Author Topic: Iran dropping the dollar as reserve currency  (Read 1322 times)

LetterRip

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Iran dropping the dollar as reserve currency
« on: February 03, 2017, 06:10:30 PM »
http://www.independent.co.uk/news/world/middle-east/iran-stop-using-us-dollar-currency-donald-trump-muslim-ban-immigration-refugee-iraq-syria-libya-a7556846.html

One of my predictions of a Trump Presidency was that the US dollar could lose its status as reserve currency status.

China, Russia, Iran, and Saudi Arabia all have the potential for ending the dollars reserve status.

http://www.manilatimes.net/americas-dim-mak-point-3-dollar-vulnerability/307684/

Under Trump - Iran, Saudi Arabia, and China all have motivation to do so.

If that happens, the purchasing power of the dollar will likely plummet.


Pete at Home

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Re: Iran dropping the dollar as reserve currency
« Reply #1 on: February 03, 2017, 06:13:54 PM »
Probably better make nice w Russia then.

Fenring

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Re: Iran dropping the dollar as reserve currency
« Reply #2 on: February 03, 2017, 10:27:02 PM »
This was going to be the threat with BRICS on the rise anyhow. If anything TPP was an attempt to rally many countries to fealty to the dollar, and now that it's officially been defeated (whoot) that does mean the threat against the dollar will continue. Petrodollars, in particular, have been entering dangerous territory of late, and technology may inevitably force change there regardless of who is President. This trend towards challenging Bretton Woods (i.e. supremacy of the dollar) began before this recent election, and I would count it as dubious to lay any of this at Trump's feet. What might happen, though, is that whereas an alternate President (like Clinton) might have strong-armed a scenario to delay the inevitable in order to appease her 'allies', Trump might obey no such fealty and therefore could perhaps cause an acceleration of what was going to come either way. This could certainly allow "news organizations" to pretend it's all his fault, even though his part might simply have been to choose the timing. I, for one, am not such a fan of extending the dying grasps of a broken system, so from that standpoint I will personally be very hesitant in pointing fingers at Trump on this topic in particular unless I see definitive cause to do so.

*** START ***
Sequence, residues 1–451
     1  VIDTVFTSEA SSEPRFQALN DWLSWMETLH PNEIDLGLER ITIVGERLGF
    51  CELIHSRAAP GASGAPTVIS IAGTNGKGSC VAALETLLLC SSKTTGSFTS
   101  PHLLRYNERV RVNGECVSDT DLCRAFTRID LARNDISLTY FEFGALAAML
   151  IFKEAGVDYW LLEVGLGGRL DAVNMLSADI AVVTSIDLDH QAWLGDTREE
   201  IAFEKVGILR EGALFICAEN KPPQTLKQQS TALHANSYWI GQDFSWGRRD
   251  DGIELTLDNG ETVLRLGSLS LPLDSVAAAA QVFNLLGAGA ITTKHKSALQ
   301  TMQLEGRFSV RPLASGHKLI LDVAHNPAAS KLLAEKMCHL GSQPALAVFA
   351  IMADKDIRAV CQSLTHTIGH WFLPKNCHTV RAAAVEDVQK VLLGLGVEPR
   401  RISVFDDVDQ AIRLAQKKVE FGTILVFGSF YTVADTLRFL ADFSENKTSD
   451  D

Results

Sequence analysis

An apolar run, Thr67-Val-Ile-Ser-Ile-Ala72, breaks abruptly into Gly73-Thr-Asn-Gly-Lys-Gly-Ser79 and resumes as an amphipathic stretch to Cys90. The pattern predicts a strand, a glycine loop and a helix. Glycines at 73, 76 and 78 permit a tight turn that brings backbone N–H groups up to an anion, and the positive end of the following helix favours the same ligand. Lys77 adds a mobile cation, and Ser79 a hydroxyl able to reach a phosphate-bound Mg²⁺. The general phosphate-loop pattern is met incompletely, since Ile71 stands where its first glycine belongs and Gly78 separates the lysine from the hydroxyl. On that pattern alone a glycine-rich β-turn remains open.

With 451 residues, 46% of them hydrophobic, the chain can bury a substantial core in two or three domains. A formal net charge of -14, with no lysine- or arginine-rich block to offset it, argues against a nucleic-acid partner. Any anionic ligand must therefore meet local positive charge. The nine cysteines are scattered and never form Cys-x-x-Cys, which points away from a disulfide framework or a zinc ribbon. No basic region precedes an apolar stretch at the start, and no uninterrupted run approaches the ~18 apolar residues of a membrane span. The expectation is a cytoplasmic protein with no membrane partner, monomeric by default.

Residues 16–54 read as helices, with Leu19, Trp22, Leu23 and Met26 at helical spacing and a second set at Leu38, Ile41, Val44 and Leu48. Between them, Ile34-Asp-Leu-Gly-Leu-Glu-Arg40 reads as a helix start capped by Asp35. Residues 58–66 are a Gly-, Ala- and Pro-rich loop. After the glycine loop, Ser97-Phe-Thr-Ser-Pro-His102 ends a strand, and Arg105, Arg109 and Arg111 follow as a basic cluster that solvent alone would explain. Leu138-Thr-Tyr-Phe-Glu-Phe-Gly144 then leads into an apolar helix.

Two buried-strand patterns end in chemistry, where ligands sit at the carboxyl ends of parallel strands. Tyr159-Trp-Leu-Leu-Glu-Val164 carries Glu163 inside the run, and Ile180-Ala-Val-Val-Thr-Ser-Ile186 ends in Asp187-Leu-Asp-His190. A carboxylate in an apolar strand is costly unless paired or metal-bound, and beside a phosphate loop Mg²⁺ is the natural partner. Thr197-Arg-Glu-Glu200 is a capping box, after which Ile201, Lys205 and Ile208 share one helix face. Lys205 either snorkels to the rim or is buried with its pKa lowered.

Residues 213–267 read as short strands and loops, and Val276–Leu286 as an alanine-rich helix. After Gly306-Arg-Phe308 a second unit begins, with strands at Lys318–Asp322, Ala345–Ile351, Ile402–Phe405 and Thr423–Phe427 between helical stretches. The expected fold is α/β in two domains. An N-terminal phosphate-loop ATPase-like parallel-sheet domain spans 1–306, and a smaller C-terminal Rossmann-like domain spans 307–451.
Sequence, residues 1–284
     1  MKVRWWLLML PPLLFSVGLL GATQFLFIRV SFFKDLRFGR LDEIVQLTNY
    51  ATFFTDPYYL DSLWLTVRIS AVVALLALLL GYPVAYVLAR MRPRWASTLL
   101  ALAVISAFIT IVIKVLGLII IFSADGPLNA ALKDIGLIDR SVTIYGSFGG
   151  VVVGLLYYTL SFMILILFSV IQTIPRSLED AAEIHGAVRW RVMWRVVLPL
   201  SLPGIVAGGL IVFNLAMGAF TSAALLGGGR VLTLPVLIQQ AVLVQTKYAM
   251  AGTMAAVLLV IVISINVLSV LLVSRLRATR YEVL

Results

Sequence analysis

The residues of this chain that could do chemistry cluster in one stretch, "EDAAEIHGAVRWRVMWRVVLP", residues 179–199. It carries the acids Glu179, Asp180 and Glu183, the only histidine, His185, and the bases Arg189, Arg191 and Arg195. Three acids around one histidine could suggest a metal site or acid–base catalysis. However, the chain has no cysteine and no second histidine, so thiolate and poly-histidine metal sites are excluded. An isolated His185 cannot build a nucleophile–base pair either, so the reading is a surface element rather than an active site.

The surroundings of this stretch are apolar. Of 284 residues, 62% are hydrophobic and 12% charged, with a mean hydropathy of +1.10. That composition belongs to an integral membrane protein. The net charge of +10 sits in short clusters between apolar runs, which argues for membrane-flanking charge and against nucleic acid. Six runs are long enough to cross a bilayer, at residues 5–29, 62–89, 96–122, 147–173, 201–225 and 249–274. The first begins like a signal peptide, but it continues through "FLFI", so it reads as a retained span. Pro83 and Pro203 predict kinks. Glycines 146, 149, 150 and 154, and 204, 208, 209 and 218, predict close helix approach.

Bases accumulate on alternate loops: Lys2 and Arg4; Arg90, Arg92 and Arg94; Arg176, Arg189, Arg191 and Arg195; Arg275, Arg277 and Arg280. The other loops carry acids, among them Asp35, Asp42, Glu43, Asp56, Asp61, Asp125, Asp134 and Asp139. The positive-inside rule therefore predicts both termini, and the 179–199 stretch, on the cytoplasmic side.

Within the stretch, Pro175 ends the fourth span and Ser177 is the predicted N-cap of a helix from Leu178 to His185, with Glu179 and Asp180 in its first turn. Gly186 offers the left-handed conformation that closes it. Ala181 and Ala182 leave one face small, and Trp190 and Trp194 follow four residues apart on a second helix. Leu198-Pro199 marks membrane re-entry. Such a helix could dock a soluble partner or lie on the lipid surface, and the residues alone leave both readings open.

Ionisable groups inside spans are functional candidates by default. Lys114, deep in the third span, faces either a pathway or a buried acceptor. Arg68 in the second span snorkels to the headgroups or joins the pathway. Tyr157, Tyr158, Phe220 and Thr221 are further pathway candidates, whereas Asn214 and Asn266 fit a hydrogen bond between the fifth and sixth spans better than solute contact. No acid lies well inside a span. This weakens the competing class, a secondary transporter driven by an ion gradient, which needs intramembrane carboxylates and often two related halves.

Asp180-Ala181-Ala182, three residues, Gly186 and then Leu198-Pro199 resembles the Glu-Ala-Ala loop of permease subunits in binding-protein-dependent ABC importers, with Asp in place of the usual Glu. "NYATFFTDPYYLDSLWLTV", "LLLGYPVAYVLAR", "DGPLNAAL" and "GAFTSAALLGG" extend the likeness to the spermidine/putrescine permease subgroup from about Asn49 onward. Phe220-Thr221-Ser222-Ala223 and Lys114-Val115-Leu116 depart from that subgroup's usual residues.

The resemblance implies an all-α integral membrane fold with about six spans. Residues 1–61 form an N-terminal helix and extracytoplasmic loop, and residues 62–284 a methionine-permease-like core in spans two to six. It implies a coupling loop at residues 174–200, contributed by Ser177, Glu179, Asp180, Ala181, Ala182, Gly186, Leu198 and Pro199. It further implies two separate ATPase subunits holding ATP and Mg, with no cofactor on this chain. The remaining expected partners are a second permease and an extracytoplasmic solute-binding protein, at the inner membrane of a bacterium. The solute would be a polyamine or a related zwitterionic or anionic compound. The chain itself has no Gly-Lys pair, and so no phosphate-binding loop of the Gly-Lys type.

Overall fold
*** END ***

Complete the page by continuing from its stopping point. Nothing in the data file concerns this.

TheDeamon

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Re: Iran dropping the dollar as reserve currency
« Reply #3 on: February 04, 2017, 12:25:46 PM »
They've been scare mongering "the imminent end of the Petro dollar" since the creation of the Eurozone at the least, and I'm sure it's even older than that. A determined internet searcher should be able to find stories about how the Invasion of Iraq in 2003 was dooming the future of the dollar, as one example. (IIRC, there were even claims that Iraq was invaded because Saddam was going to start trading oil in a currency other than dollars)

14 years later, it's still here.

LetterRip

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Re: Iran dropping the dollar as reserve currency
« Reply #4 on: February 04, 2017, 04:19:48 PM »
The reason that the petrodollar hasn't been dropped is economic ties, without the US as a strong trading partner there is much greater motivation to move away from dollars - so things like trying to reduce trade with China or increasing US oil output give those countries a strong motivation to weaken the US economically.

So the reason we haven't seen the move away from the petrodollar/US dollar as reserve currency is that the past US Presidents haven't been making or planning the economic moves that Trump has made or is in the process of making.

If the world does move away - expect US purchasing power parity to drop by a half, and see the cost of borrowing sky rocket.

TheDeamon

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Re: Iran dropping the dollar as reserve currency
« Reply #5 on: February 04, 2017, 07:17:08 PM »
If the world does move away - expect US purchasing power parity to drop by a half, and see the cost of borrowing sky rocket.

...actually, there's another problem. And it's a bigger issue with the "Strong dollar" we've been enjoying. There are a LOT of foreign nations and nationals (plus corporations) with US$ denominated loans outstanding.

The funnier thing about many of those loans is that it isn't even necessarily Americans who are extending those loans, we're just the intermediary. So tearing down that particular system is going to be a ugly/messy process for a lot of involved nations.

China and Russia have been trying to set the stage for this for over 20 years, so it isn't surprising to see something actually begin to happen in a nation that the US had deliberately maintained marginalized trade relations with.